Tuesday, April 3, 2018

Did They Really Say That?!?

Thus to bear witness of Joseph Smith is to bear witness of Jesus Christ, who sent him, in the same way that a testimony of Christ also implies clearly a testimony of the Eternal Father, who sent Him.  On the other hand, to deny Joseph Smith outright—to deny the spiritual impressions which attest to his prophetic assignment—is to deny the Lord who sent him.

BYU Professor Robert L. Millet, “Joseph Smith among the Prophets,” Ensign, June 1944, 20.

So, if you deny that Joseph Smith is a prophet of God, you are thereby denying Christ?!?!  Doesn’t that then make accepting Joseph Smith as a prophet of God a requirement for salvation? Since when is anything but faith in Christ a requirement for salvation?

Then again, how about if I deny Joseph Smith as a prophet and then I am indeed denying the “Lord” who sent him, his “Lord” being the devil!


Jesse said...

Interested folks may benefit from viewing this article on there being no evidence supporting the Book of Mormon:


Glenn E. Chatfield said...

They will also find said evidence by reviewing many articles here in The Anti-Mormon Blog.

Anonymous said...


A sincere question. If we are saved by faith alone, then why does God judge us according to our works?

Alex A.

Glenn E. Chatfield said...

We are rewarded according to our works. What our rewards in heaven are, are not specified, but likened to crowns or victory wreaths, etc.

Jesse said...

This answer should serve the inquirer well:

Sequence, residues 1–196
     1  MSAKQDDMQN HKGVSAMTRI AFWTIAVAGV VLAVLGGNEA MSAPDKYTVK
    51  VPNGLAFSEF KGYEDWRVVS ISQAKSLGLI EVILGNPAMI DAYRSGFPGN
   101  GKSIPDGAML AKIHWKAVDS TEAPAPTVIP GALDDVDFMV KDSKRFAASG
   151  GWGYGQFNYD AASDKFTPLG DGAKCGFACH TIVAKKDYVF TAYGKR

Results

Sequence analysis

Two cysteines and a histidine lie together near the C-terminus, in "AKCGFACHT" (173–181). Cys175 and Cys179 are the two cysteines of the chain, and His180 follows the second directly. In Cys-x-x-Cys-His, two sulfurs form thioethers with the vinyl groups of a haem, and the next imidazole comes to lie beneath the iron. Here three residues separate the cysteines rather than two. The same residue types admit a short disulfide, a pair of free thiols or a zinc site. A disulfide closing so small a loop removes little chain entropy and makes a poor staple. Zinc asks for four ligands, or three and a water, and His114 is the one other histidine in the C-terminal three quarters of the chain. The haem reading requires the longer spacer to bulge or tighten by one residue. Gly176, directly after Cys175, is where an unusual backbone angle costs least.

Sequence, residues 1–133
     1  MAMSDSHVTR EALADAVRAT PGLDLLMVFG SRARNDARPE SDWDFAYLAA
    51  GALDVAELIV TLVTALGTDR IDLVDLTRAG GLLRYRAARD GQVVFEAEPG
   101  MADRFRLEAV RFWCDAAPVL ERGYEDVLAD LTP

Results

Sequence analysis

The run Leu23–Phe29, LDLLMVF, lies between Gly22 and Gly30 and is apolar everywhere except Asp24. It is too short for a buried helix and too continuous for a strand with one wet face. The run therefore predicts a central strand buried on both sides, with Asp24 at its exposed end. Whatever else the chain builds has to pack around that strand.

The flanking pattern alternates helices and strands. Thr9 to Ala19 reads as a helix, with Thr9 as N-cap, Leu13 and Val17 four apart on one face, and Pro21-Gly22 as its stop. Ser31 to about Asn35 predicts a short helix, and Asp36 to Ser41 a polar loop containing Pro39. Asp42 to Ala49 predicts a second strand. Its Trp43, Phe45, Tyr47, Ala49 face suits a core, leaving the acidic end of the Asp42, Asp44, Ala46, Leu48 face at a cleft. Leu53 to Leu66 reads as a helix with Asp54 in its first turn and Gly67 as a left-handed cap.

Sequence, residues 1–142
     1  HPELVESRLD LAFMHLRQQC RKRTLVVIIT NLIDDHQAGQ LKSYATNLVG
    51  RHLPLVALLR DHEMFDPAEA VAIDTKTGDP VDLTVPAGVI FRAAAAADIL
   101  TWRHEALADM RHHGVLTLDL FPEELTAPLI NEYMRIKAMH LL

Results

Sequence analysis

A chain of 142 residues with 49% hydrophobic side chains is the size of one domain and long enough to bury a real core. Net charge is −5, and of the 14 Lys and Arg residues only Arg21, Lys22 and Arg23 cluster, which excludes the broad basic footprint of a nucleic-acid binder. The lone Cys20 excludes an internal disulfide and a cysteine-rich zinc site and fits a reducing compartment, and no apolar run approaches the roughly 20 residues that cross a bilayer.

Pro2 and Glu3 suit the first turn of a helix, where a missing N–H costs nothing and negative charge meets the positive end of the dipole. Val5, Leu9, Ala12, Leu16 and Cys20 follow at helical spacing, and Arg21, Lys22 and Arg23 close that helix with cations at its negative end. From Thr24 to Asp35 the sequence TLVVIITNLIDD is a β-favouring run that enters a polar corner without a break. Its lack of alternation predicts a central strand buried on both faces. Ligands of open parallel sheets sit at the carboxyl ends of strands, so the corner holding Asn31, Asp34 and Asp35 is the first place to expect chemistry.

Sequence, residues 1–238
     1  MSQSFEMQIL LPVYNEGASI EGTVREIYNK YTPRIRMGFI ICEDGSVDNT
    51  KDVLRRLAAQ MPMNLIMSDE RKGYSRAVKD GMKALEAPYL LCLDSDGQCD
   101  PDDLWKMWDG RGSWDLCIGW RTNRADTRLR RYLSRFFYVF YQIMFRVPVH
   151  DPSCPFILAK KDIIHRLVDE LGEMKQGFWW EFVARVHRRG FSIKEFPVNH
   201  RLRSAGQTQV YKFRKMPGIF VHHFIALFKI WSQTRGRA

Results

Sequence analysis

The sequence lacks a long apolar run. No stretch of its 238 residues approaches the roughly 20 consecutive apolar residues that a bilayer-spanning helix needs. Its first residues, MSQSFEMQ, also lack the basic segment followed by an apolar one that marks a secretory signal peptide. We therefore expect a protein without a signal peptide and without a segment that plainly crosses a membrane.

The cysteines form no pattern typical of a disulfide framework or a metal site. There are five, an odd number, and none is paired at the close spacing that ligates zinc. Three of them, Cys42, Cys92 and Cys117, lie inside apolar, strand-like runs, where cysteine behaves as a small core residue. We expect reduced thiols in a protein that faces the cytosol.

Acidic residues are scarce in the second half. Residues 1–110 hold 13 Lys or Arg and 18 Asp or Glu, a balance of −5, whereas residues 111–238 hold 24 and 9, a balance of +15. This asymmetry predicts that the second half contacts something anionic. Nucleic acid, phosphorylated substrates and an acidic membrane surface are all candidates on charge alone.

"In this text, Jesus is not giving us a specific list of things that we need to do in order to obtain salvation. In other words, the context of Matthew 25:31-46 is not about justification, but rather, faithfulness to the will of God. The "sheep" symbolize the true followers of God, whereas the "goats" represent the people who never experienced (or fell away from) true conversion of heart. The works mentioned within this context merely describe the type of person who fits into one of the two distinct, general categories. They are not prescribed as criteria for salvation. In every judgment scene found in Scripture, the Lord points out to our works because they are the evidence of our faithfulness to Him. These works of obedience are the evidence of what is already in our hearts, by faith. While it is true that we will be rewarded for our good works, none of them have any bearing on our salvation (1 Corinthians 3:10-15). Salvation is strictly a free gift that is given to us out of God's unmerited grace to mankind. We do not deserve the gift of justification. It is something that we cannot possibly merit for ourselves (Titus 3:5-7)."